Security Alerts

HTML5 Firefox Plugins

With all the talk recently about the exploits in Flash and Java, users are taking a closer look at their Firefox plugins. A couple plugins users may come across that look a little odd are the ones which provide HTML5 support in Firefox. Now remember, HTML5 Video is suppose to someday replace Adobe’s Flash (for the most part YouTube has been using HTML5 since early this year) and Microsoft’s Silverlight (no longer supported, but still used). These plugins are: Open H.264 Video Codec provided by Cisco Systems – shipped starting with Firefox 33 and allows playing of H.264 encoded content natively via…

Read More

I was checking Amazon.com this morning on my Samsung Galaxy S4 with the Amazon Shopping App. Today is Prime Day so was seeing what they had to offer. I was presented with a pop-up notification to update what I thought was for the Amazon Shopping App. I started the update and the first red flag that came up was it wanted me to Enable Unknown Sources on my device’s security settings. Basically, this is to allow you to be able to install apps outside the Google Play Store. I was somewhat confused why I needed to do this, but went ahead and…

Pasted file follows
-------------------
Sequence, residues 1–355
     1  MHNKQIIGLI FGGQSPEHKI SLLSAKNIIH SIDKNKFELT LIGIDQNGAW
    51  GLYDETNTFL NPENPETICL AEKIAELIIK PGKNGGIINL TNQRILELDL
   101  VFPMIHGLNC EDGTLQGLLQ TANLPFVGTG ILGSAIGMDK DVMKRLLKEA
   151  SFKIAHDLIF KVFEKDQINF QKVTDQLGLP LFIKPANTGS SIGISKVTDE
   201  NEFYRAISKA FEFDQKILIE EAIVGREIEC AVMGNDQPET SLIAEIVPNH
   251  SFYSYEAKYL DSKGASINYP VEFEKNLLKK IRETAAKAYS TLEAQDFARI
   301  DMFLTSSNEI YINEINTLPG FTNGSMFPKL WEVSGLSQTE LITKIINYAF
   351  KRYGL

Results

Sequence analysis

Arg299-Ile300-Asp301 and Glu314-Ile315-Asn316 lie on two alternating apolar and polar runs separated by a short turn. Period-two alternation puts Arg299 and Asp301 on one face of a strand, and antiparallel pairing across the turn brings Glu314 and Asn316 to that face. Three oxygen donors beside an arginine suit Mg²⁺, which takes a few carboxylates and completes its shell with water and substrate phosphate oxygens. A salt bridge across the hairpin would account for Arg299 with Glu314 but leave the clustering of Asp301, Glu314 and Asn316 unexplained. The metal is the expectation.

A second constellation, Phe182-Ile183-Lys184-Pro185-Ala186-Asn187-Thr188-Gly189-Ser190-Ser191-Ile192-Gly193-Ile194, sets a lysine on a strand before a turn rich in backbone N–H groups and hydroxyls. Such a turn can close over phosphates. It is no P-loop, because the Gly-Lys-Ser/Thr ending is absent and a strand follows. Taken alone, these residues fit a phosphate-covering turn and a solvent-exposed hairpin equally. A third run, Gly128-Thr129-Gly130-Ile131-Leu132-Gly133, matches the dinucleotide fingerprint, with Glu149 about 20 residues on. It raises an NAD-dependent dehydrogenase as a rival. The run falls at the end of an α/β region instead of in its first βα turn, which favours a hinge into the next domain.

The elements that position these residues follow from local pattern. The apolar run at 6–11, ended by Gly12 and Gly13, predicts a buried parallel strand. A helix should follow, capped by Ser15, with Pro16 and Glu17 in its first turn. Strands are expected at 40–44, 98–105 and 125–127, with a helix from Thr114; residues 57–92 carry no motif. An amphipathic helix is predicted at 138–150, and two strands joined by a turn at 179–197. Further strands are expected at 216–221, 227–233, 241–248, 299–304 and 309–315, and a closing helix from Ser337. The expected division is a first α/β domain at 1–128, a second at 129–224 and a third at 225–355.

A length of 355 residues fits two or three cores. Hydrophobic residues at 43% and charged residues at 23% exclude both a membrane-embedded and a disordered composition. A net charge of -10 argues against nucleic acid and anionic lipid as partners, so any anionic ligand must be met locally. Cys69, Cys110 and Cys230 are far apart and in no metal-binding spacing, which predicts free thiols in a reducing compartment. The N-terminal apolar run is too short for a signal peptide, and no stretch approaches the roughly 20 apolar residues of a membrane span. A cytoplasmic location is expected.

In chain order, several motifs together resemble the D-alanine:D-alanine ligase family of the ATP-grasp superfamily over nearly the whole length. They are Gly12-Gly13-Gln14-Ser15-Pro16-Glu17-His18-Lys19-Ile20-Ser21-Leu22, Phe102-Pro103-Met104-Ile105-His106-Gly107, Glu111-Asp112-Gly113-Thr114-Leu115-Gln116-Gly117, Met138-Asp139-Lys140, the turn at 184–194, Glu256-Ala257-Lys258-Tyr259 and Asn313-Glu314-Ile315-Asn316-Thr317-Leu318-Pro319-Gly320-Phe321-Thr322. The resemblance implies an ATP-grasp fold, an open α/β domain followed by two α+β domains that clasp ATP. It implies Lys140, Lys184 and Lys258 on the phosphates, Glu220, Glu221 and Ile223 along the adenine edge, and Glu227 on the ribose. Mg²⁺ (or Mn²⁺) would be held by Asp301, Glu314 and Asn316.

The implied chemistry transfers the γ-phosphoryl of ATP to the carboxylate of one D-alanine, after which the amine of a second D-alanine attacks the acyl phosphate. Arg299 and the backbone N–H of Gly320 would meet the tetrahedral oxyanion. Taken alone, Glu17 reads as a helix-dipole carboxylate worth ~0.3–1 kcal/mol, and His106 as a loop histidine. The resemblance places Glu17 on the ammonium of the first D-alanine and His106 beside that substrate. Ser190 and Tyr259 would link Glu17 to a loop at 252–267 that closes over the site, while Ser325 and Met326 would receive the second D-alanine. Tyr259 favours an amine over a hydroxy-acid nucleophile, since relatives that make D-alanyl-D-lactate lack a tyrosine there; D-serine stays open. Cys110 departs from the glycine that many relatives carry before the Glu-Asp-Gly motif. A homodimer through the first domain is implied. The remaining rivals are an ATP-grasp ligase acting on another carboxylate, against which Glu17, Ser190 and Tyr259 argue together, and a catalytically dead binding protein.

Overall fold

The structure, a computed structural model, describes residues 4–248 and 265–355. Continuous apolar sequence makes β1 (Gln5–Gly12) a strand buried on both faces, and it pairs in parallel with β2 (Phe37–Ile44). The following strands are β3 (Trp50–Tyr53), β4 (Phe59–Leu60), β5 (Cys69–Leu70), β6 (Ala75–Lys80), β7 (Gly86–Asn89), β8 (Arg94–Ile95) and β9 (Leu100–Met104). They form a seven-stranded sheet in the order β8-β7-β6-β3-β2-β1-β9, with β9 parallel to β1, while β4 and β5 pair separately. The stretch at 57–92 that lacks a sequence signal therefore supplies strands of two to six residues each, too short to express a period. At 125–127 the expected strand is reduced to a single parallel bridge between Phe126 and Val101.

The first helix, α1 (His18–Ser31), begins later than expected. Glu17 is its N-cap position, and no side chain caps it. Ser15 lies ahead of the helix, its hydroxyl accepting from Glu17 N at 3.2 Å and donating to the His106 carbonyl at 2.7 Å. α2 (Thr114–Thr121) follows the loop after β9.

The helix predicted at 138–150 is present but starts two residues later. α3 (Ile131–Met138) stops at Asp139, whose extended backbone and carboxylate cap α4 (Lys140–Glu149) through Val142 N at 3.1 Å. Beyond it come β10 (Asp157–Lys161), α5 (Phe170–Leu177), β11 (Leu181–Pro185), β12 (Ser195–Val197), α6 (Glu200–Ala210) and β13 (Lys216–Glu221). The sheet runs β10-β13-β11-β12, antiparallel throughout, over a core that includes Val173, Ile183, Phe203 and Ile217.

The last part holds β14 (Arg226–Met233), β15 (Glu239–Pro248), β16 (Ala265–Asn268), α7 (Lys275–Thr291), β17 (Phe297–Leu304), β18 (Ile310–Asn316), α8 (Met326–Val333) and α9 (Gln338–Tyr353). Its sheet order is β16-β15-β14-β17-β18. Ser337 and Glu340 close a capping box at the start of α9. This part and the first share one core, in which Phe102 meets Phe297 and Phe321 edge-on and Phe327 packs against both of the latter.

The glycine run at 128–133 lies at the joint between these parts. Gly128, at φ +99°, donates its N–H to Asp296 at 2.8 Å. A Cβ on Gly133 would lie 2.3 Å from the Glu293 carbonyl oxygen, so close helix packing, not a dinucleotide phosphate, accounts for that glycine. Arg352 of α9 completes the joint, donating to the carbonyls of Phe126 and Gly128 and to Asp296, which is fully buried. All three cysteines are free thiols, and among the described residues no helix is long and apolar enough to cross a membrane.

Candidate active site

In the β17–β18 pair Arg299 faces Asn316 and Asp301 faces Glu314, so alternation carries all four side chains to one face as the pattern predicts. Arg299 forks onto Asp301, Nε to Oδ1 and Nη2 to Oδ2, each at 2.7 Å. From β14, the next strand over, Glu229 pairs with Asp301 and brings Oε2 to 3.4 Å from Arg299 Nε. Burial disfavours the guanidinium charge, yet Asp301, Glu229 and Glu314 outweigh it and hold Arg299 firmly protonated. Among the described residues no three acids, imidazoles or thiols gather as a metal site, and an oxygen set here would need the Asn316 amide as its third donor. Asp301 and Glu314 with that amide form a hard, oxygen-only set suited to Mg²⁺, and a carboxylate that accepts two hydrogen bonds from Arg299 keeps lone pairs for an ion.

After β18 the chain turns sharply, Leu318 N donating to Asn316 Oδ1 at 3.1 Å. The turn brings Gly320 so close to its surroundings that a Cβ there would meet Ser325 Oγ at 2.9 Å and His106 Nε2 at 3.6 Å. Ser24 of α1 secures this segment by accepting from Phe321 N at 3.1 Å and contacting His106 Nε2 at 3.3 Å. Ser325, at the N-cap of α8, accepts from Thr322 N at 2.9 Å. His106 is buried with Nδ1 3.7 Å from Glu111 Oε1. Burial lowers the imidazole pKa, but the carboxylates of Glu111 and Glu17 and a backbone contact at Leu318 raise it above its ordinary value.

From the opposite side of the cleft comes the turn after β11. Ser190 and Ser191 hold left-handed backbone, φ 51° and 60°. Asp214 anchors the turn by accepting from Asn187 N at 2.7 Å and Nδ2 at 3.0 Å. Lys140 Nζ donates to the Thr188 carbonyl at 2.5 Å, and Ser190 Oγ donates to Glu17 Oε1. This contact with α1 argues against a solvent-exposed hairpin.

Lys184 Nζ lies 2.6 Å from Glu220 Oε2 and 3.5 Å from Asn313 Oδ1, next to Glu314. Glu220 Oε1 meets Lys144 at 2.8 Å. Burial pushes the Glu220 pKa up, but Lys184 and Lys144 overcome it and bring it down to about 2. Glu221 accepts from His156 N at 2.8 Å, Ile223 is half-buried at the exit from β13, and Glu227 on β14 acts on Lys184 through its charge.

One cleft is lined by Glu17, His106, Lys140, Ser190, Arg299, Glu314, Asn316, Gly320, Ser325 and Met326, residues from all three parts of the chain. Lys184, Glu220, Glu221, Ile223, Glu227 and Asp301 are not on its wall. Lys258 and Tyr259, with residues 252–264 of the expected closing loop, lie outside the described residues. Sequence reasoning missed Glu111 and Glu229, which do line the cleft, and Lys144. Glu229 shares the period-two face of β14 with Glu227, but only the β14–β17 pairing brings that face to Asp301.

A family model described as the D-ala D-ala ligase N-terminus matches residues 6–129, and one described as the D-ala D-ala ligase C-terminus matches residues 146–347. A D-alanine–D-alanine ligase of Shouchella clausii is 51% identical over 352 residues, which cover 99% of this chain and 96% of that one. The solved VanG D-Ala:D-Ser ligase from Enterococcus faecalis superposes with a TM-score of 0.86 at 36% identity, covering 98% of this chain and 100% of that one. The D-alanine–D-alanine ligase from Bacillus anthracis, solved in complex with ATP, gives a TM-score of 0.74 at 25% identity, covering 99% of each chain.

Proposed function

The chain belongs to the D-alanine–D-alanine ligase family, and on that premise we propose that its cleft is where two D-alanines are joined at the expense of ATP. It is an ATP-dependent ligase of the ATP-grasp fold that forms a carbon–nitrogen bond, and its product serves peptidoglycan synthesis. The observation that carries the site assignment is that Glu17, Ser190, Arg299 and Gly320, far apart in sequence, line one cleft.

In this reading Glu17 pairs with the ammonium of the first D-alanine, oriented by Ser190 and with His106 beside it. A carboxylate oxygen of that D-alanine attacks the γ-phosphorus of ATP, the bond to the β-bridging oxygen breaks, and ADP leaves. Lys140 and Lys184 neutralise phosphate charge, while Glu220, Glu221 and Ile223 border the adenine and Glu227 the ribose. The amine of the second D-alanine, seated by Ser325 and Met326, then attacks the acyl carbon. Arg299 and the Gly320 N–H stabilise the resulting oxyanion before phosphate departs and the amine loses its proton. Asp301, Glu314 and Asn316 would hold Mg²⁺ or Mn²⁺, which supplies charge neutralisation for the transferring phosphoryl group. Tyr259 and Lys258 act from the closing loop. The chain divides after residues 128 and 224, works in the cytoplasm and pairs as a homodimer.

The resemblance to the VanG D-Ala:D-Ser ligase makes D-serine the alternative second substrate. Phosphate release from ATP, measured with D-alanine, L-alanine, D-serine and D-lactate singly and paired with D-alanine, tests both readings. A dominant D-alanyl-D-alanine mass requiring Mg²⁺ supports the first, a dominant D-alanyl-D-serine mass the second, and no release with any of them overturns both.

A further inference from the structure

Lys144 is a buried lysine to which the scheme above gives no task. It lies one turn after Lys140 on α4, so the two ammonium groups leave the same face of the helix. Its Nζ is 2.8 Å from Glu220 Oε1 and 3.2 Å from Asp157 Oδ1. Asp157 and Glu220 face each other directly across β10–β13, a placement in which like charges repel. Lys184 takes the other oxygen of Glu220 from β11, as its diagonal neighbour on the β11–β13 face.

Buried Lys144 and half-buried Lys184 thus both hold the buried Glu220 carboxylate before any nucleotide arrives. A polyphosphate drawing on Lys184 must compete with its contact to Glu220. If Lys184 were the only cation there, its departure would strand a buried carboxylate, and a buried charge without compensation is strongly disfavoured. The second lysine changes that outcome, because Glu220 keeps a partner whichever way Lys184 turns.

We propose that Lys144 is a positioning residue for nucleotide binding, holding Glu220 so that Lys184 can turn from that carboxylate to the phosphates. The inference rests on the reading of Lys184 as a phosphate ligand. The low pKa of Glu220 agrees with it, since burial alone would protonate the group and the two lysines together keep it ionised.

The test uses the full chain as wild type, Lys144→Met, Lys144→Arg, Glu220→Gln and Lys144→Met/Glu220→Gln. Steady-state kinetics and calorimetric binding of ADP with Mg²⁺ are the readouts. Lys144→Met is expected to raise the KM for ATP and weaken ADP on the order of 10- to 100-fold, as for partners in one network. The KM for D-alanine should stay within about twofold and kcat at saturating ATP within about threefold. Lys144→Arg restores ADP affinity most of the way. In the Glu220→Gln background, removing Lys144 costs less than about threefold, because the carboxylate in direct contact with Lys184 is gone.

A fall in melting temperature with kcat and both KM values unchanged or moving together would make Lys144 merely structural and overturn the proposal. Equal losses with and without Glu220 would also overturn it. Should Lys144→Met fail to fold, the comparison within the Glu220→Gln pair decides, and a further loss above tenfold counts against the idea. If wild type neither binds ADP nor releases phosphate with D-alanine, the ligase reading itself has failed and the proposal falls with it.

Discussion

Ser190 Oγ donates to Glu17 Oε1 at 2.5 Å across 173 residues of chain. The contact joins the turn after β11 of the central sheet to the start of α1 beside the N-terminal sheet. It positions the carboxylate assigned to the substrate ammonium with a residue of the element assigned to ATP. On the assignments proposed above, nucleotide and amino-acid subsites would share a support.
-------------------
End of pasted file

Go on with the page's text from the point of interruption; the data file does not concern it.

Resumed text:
Read More

Third Hacking Team Flash Zero-Day Revealed

On Monday (July 13th), Trend Micro reported the now third bug (CVE-2015-5123) to Adobe’s Security Team.  This comes just as Adobe was getting ready to push out the update 18.0.0.209 which had addressed two Zero Day vulnerabilities discovered with verison 18.0.0.203 earlier. No word yet when Adobe is going to push out a patch for this vulnerability. via: Krebs on Security

Read More

Facebook CSO wants ‘End of Life Date’ for Flash

Adobe is dealing with a a lot of problems in the past week with Flash. Things got a whole lot worse from them this week. On Monday night, Mozilla Blacklisted (disabled) in Firefox, Flash Player version 18.0.0.203 for all Firefox users. On Sunday, Facebook’s new Chief Security Officer took to Twitter and called for Adobe “announce an end-of-life date for Flash,” so that we can finally “disentangle the dependencies and upgrade the whole ecosystem.” Adobe did release Flash Player version 18.0.0.209 earlier on Tuesaday morning. Source: Ars Technica  

Read More

Mozilla Blacklists Flash 18.0.0.203

If you updated your Flash Player Plugin last week to version 18.0.0.203, you will need to update again today in order to use Flash in Firefox. Mozilla has blocked the 18.0.0.203 version of Shockwave Flash which contained security fixes for 0-day vulnerabilities, but was found to contain vulnerabilities itself. Adobe released version 18.0.0.209 ealier this morning which patched two vulnerabilities. To upgrade from within Firefox go to Tools > Add-ons then select Plugins on the left side. Above the list of plugins click the Check to see if your plugins are up to date link. A new tab will open with…

Read More